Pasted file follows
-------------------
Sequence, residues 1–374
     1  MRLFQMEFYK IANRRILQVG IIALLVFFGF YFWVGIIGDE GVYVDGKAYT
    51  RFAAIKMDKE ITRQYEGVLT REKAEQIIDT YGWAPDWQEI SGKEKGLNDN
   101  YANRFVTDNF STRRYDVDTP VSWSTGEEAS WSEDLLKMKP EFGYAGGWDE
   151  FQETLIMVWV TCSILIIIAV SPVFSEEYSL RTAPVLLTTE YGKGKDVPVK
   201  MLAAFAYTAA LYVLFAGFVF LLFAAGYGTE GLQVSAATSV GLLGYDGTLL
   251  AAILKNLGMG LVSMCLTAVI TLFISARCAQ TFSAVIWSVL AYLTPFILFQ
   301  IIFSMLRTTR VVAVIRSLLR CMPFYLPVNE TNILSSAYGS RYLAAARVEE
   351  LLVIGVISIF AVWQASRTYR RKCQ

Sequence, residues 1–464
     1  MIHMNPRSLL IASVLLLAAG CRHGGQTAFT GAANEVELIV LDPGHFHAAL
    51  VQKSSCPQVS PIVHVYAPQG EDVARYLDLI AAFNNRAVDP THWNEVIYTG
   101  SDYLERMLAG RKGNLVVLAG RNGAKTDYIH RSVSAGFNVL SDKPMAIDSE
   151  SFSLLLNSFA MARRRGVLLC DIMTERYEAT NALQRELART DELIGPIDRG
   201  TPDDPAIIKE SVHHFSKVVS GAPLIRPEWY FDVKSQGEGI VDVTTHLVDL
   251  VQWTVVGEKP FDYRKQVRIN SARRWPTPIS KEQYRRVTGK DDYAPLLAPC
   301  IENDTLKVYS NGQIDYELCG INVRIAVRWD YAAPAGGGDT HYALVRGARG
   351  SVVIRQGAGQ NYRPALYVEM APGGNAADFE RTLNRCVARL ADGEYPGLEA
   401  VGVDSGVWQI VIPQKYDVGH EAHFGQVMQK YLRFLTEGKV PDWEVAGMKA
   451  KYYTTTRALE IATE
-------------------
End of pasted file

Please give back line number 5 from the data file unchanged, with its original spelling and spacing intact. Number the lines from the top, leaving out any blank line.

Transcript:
   151  FQETLIMVWV TCSILIIIAV SPVFSEEYSL RTAPVLLTTE YGKGKDVPVK